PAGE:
On a similar track, a friend’s son is currently in Australia. He and his wife both work in the public sector and were able to take a year’s sabbatical from their UK jobs. He was telling me that in Australia you can install your own electrical system and you don’t have to rely on hitching up to their equivalent of the national grid. Clearly the sun shines a good deal more Down Under. A system of solar panels and storage batteries can be installed for 7,000 Australian dollars or roughly £5,000. This can provide all the energy needs for that particular property, although he wasn’t sure about the longevity of the storage batteries. To install a similar system in the UK he was quoted £26,000. 

Furthermore, I happen to know two farmers who have recently had plans to generate their own hydroelectricity from streams on their land declined. These were high-altitude hill farms where the water tends to flow at a faster rate and are ideal for hydroelectricity.

The reason given for the planning authority’s decision was apparently due to migrating fish, although where they were migrating to in the upper Cheviots is a mystery.

Presumably, if the government was serious about its green credentials then surely it would be encouraging people to take these initiatives, not discouraging them. Could it be the energy companies don’t want people abandoning the money-go-round which is the energy industry?

So, with an influx of youth to the mill and a possible way out of the increased red diesel costs, I’m in the middle of installing extra circular saws. The aim is to cut down on double handling and make things a bit easier. A few years ago we fitted vertical edgers which cut boards directly out of the scabs. This has worked really well and we want to take this to the next level by fitting bigger versions to edge the bigger planks and even multi-rip straight from the log if necessary. The beauty of this, when we get it up and running, is that everything will come from the main saw with straight edges, reducing the need for resawing.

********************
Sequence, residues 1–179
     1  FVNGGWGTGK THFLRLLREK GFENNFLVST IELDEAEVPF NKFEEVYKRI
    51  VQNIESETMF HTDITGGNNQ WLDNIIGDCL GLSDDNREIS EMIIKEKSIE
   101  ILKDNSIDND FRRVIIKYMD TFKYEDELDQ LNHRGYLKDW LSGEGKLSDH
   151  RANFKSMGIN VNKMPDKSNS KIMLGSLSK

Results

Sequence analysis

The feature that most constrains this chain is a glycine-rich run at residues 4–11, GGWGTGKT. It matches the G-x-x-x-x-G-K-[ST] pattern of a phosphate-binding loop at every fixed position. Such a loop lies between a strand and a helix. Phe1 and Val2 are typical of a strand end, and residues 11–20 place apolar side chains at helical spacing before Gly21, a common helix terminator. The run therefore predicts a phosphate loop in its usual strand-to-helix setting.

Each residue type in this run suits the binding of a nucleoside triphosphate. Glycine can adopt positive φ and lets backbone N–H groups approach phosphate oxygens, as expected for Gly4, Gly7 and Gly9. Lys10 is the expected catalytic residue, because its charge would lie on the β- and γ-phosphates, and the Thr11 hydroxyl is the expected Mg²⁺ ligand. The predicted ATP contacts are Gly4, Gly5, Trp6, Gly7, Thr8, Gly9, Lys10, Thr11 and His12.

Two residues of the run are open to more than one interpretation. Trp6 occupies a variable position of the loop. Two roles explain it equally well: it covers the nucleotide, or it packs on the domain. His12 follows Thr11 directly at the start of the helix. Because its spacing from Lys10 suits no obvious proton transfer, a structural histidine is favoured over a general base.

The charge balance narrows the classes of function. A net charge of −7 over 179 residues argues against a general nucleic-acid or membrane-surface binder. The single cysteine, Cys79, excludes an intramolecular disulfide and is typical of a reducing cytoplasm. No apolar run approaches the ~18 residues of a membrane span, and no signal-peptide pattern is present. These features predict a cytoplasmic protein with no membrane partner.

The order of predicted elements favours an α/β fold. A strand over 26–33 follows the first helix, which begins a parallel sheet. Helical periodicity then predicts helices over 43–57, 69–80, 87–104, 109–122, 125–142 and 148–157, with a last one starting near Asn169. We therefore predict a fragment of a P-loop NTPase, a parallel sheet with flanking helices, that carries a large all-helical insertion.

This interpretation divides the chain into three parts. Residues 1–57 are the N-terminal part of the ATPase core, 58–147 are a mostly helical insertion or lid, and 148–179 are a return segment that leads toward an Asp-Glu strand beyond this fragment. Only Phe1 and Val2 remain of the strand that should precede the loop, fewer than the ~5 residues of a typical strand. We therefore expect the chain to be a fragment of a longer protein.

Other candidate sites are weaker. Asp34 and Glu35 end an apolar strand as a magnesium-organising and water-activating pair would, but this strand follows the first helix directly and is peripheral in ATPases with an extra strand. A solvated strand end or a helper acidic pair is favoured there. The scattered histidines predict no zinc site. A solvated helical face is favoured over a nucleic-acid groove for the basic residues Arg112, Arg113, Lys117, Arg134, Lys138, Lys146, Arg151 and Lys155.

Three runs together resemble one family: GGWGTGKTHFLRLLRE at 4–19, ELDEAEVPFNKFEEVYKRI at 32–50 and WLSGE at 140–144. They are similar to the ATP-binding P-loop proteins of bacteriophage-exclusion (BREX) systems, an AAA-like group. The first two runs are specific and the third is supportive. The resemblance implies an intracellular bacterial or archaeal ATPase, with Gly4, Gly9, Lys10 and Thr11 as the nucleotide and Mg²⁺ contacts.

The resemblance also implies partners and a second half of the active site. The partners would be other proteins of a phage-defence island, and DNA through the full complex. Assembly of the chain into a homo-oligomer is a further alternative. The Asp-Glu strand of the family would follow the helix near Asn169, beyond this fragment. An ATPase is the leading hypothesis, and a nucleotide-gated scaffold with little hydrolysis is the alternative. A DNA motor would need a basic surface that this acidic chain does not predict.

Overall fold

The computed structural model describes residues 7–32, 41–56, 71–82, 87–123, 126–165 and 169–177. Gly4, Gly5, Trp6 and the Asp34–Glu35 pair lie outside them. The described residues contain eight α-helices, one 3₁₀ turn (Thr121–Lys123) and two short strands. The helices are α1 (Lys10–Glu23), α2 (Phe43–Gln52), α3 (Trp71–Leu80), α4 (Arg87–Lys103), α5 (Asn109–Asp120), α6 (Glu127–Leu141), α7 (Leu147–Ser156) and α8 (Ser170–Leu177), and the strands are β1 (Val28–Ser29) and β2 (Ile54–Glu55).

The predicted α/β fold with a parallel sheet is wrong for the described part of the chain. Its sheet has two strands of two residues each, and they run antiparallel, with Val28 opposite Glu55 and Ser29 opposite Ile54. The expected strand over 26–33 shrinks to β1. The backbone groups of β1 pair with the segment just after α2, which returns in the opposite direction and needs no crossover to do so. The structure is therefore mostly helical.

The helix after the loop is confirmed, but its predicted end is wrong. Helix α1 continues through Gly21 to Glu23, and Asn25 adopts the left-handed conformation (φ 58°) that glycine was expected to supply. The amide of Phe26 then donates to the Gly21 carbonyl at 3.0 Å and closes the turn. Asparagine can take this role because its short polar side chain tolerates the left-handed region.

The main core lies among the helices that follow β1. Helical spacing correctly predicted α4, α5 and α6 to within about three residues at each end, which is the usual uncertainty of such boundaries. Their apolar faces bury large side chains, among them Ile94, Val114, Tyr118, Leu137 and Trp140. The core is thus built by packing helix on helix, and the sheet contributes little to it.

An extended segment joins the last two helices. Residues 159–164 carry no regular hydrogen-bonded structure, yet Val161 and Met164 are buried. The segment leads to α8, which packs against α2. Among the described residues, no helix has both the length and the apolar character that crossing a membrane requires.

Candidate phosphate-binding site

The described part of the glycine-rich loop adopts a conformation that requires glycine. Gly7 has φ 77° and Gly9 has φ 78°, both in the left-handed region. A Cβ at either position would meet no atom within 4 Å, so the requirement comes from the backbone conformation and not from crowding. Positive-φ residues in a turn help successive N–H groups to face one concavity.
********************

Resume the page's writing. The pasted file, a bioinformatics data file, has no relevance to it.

Forestry Journal:

The other advantage of this approach is synchronicity. The edgers will edge when the mill is running at the same rate that the logs are fed in. If I don’t run the mill for a day then I don’t have people standing around. Likewise, if a person is working an edger behind the main saw then you will inevitably bury him in timber or he’ll just be standing around, depending on what is being milled. The system should, therefore, be easier and more efficient. The only variable would be at the end of the saw, and redeploying another person to help should be easy enough. If they’re needed then there’s a myriad of other tasks: pointing posts, stacking, driving the forklift and thereby keeping things simple and flexible.

READ MORE: Voice from the Woods: December 2021

The system would also help in the case of staff absence – a situation which all employers face on a fairly regular basis. This can be very difficult with a small workforce and seems to be particularly prevalent on a Monday for some reason. And so, onwards and upwards, as they say.

When Harold McMillan asked Rab Butler, the then home secretary, what represented the greatest challenge for a politician, Butler replied: “Events, dear boy, events.” 

Things have happened and changes have been made and what works for one doesn’t necessarily work for another. I’m not a changes-for-changes-sake person and, at the moment, there seem to be some weird things happening, employing some strange methods, but it all seems to be working. Fingers crossed!